I have heard atheists respond that this is an artificial measure of generosity because Christians are giving to their churches and religious organizations. This contention fails on its face because we are measuring a willingness to give one’s own money to foster the greater good. To an atheist, that may be “Americans United for the Separation of Church and States” and for the Christian it is more likely to be their own church or other religious institutions. Moreover, churches engage in direct charitable activities beyond Sunday sermons. Most churches provide counseling services and lend their facilities and resources to other charitable efforts, including facility use to organizations such as AA or the Boy Scouts. Here in LA, many churches provide the use of their facilities to shelter and feed the homeless.
Additionally, there are many charities whose focus is on providing material assistance to the poor and disadvantaged that are religious organizations, such as the Salvation Army. My wife and I for example try and make sure we give to poverty relief and disaster assistance efforts and the Salvation Army is our charity of choice for that purpose. The Salvation Army is the second largest charity in the United States. Other explicitly religious charities rounding out Forbe’s Top Ten list are Feed the Children, the YMCA, and Catholic Charities. There is no basis for excluding these and similar charities from the definition of charitable giving even if one is determined to exclude churches themselves.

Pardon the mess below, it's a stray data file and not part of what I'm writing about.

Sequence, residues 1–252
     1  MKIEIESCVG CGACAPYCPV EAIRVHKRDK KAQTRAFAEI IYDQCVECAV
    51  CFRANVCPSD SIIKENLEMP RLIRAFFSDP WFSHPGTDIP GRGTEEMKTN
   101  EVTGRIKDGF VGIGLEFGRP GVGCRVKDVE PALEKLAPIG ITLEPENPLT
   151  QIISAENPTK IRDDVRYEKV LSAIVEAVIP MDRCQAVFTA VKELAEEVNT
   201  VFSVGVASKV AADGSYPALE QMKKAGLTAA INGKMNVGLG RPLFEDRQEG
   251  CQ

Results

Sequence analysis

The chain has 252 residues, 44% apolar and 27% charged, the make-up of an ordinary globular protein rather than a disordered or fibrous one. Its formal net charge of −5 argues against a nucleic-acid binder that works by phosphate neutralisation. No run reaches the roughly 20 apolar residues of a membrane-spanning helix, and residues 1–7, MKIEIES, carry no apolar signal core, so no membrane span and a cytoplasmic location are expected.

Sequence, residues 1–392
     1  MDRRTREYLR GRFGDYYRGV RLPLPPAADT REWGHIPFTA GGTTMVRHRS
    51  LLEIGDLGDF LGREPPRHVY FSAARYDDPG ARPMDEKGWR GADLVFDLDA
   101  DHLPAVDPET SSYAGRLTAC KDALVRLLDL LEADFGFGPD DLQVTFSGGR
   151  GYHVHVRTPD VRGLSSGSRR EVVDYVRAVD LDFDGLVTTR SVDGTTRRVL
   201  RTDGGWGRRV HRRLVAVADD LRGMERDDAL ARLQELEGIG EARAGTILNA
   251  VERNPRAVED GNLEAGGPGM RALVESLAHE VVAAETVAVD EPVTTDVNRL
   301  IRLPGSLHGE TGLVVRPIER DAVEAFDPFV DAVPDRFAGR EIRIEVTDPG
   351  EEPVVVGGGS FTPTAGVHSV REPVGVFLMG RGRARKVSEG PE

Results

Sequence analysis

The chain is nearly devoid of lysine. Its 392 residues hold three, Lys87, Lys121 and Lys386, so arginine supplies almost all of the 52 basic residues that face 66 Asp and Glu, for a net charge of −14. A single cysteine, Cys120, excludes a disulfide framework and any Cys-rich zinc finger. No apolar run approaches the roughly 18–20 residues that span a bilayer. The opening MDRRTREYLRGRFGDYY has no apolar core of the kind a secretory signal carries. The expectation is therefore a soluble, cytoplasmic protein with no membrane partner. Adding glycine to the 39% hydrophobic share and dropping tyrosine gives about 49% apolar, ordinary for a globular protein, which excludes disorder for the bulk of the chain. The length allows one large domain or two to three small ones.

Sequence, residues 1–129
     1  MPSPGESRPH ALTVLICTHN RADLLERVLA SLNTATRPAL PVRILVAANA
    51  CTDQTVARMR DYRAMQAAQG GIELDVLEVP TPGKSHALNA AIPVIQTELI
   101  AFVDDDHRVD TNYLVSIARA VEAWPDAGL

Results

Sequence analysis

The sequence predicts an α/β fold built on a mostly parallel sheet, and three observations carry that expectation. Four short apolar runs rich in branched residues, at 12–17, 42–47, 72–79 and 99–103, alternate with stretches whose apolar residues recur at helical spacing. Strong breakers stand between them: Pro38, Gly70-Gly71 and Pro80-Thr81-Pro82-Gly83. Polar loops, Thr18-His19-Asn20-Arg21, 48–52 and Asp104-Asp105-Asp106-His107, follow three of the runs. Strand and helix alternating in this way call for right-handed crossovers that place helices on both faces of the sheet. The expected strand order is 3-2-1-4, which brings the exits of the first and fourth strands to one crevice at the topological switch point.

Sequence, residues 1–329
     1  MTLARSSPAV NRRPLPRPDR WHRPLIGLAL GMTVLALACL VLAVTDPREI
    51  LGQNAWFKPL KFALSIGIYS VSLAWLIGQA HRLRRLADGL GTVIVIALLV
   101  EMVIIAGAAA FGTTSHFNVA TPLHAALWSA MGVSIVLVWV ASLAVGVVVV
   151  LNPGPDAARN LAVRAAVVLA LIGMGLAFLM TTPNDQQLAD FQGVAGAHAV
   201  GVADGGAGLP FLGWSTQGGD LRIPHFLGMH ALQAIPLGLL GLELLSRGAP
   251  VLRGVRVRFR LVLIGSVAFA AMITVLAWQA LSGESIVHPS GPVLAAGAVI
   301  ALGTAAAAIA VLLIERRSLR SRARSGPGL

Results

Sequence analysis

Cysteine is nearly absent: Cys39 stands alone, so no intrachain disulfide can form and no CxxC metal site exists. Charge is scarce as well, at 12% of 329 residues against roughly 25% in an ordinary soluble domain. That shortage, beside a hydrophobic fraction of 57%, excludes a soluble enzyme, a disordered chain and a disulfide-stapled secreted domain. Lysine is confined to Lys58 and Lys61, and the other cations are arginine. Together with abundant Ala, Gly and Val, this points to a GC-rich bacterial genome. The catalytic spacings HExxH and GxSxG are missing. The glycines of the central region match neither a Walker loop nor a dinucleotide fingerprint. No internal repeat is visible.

Finally, even if we ignore all religious giving by the religious and measure giving only to secular charities we find that the religious are still significantly more likely to give, and will on average give more, than their Nonreligious counterparts.
In 2000, 68 percent of households gave money to charities having no religious affiliation. Fifty-one percent volunteered for secular causes.... But these high nonreligious giving levels were not the same for religious people and secularists. Although the charity gap between these groups was not as wide in secular giving as it was in all types of giving, religious people were still 10 points more likely than secularists to give money to nonreligious charities such as the United Way (71 to 61 percent), and 21 points more likely to volunteer for completely secular causes such as the local PTA (60 to 39) percent. In addition, the value of the average religious household’s donations to nonreligious charities was 14 percent higher than the average secular household’s.
Arthur Brooks, Who Really Cares, page 39 (Source, Social Capital Community Benchmark Survey, 2000).
Moving beyond religious identification we find that the higher the commitment to one’s religious faith the more one is likely to give to secular charities. As Brooks explains, people who regularly prayed were 16% more likely to give to secular charities than people who do not pray. Church members were 18% more likely than nonmembers. And people who “put a great deal of effort to their spirituality” were 28 % more likely to give to secular charities than people who made “no effort.” Brooks, op. cit., page 215, n. 14 (Source, Arts and Religious Survey 1999).